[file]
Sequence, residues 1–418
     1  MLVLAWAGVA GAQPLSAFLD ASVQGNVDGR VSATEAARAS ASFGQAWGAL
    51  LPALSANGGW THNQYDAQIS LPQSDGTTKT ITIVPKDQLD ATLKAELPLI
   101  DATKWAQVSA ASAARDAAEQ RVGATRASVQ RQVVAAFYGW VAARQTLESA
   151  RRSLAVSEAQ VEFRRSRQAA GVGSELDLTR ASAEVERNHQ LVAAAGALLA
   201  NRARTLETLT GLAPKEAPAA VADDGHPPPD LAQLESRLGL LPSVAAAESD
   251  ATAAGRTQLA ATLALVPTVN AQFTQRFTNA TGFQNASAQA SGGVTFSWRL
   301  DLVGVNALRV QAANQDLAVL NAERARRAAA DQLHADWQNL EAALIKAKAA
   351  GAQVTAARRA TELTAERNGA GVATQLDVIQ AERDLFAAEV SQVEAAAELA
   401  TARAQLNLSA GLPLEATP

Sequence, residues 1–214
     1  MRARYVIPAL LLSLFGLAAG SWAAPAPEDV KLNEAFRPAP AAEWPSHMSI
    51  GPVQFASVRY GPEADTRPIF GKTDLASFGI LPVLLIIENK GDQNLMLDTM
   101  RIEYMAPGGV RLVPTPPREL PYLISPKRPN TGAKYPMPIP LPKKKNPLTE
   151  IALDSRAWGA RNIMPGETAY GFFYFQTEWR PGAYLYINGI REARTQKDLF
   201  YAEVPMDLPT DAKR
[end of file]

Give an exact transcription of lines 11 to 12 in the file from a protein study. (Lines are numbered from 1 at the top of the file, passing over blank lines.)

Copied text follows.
Sequence, residues 1–214
     1  MRARYVIPAL LLSLFGLAAG SWAAPAPEDV KLNEAFRPAP AAEWPSHMSI